BMC psychiatry 2018 02 1218(1) 44 doi 10.1186/s12888-017-1586-6
Suicide is a major global public health problem with more than 800,000 incidents worldwide annually. Seventy-five percent of the global suicides occur in low and middle-income countries (LMICs). Pakistan is a LMIC where information on suicidal behavior is limited. The aim of the review is to map available literature on determinants, risk factors and other variables of suicidal behavior in Pakistan.
This study was based on Arksey and O’Malley’s methodological framework of scoping review, combining peer reviewed publications with grey literature. Ten databases including Applied Social Sciences Index and Abstracts (ASSIA), Cochrane Trials Register (CRG), Cumulative Index to Nursing and Allied Health (CINAHL), National Library of Medicine Gateway (NLMG), ExcerptaMedica (EMBASE), National Library of Medicine’s MEDLINE (PUBMED), PSYCHINFO, Social Science Citation Index and Science Citation Index (SCI) and Pakmedinet.com were searched from the beginning of their time frames until December 2016 using a combination of key terms. The inclusion criteria included studies of various study designs covering different aspects of suicidal behavior in English language.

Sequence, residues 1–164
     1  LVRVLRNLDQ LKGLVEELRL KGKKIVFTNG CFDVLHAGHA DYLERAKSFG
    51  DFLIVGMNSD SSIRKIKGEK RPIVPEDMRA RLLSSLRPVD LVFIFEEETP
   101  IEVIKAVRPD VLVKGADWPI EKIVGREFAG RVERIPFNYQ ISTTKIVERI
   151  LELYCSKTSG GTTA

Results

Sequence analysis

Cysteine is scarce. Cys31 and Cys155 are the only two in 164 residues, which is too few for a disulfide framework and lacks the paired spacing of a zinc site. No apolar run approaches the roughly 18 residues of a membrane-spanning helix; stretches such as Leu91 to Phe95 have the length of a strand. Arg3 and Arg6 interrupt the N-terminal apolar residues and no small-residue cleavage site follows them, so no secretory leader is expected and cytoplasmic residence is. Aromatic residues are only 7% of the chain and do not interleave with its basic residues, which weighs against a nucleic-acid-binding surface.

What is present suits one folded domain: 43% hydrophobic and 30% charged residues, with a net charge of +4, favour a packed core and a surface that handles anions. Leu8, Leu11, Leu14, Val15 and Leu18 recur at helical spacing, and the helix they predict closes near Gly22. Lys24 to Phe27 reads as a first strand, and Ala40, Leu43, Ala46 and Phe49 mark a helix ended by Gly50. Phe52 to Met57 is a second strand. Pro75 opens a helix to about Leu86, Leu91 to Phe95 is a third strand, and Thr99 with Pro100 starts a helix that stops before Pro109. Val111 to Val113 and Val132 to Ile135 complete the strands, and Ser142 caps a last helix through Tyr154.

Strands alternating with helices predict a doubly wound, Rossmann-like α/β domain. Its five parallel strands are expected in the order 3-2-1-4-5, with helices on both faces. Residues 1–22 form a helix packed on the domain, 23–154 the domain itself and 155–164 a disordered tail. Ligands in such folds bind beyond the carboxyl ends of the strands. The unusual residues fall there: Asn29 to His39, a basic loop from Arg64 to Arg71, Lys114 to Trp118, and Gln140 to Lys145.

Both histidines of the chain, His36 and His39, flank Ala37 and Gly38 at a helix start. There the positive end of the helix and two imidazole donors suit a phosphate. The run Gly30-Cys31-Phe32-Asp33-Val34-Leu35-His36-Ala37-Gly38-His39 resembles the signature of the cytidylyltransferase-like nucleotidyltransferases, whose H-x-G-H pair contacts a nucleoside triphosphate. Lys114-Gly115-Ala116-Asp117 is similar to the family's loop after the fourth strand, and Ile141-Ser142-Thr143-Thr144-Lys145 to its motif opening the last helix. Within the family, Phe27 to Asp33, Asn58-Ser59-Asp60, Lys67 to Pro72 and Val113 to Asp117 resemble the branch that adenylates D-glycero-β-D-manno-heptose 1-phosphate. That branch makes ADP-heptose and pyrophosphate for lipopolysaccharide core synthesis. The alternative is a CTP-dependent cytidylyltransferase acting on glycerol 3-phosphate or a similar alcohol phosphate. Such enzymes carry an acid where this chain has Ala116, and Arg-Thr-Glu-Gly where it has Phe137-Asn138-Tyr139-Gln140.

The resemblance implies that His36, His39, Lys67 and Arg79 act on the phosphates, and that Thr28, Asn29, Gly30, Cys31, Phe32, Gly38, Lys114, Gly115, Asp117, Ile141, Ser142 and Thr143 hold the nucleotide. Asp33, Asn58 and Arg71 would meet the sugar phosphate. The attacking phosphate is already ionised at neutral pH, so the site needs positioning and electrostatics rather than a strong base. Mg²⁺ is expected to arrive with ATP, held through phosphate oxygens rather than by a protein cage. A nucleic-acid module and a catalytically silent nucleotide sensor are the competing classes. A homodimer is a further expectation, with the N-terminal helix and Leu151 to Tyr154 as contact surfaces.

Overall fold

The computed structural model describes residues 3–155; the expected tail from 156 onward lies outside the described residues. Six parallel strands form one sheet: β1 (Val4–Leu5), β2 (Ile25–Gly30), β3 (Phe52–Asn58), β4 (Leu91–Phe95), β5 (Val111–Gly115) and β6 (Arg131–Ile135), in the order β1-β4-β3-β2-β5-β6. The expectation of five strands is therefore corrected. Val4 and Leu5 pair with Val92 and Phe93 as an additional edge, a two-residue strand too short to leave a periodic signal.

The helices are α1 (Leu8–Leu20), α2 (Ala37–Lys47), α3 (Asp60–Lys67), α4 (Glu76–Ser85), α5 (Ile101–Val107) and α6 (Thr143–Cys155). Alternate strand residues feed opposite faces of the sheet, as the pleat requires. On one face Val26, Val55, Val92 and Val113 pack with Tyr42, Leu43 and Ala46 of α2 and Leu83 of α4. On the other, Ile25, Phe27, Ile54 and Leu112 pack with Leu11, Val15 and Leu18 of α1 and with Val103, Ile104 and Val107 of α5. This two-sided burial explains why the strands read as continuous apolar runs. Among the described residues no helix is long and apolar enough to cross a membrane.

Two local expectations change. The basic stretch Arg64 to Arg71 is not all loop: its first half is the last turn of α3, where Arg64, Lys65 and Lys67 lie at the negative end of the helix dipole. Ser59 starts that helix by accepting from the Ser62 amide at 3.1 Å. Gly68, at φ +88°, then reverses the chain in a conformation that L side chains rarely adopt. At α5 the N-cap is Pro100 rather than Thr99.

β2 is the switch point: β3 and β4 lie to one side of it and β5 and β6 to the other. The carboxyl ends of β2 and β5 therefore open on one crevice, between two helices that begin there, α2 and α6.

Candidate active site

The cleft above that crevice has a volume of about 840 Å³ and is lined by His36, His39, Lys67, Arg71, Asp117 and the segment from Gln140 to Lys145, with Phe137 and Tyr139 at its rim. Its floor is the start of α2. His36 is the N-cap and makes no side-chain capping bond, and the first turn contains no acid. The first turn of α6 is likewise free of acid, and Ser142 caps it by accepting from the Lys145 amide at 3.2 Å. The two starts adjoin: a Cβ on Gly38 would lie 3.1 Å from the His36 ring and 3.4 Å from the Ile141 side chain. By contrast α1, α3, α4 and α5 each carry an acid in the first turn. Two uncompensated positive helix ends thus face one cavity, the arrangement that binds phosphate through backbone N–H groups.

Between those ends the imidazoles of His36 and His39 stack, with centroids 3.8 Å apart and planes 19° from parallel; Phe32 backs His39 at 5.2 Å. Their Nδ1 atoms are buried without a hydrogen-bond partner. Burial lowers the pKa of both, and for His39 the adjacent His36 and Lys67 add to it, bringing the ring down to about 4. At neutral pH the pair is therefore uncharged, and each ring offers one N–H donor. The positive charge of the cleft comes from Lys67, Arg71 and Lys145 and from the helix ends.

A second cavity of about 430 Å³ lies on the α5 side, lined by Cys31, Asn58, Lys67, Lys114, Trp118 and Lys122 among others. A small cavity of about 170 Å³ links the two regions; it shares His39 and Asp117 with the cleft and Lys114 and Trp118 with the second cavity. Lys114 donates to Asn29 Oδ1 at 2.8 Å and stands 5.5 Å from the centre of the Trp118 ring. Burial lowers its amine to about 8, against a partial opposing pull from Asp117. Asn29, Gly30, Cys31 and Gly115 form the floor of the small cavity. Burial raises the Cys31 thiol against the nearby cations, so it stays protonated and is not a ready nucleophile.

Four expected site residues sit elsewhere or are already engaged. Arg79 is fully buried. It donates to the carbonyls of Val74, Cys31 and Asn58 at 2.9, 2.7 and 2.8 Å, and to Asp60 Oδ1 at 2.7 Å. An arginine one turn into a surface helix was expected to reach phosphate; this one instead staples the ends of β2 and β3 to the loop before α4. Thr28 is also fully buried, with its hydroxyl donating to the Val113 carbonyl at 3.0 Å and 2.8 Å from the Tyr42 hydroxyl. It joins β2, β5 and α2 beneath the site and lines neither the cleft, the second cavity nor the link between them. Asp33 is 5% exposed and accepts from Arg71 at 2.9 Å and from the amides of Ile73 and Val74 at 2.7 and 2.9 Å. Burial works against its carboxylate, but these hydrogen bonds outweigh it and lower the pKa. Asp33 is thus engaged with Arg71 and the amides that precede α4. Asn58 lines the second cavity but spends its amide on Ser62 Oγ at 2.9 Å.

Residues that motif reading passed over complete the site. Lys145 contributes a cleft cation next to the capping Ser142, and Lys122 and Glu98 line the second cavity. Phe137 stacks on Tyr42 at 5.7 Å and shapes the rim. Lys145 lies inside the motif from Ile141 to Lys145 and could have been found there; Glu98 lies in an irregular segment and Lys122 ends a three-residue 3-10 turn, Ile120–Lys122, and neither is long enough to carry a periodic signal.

Six hundred and twenty three articles were initially retrieved from all ten databases. Two independent reviewers screened the titles and abstracts for relevance. One hundred and eighteen articles were read in full, out of which 11 were excluded because they did not fit the eligibility criteria. One hundred and ten articles, including two student theses and one report, were included in the final review. Most studies were descriptive in nature, with only three that used a case-control design. Majority of the studies were from urban areas, and addressed determinants rather than risk factors. Gender differences and age were predominantly reported, with more males committing suicide. Suicidal behavior was more common among individuals younger than 30 years of age. The three most common methods for suicides were hanging, poisoning and use of firearms. Mental illness as a risk factor for suicides was mentioned in only three studies.
This review is the first attempt to synthesize available literature on suicidal behavior in Pakistan. The evidence is limited, and calls for more robust analytical research designs, along with a focus on risk factors.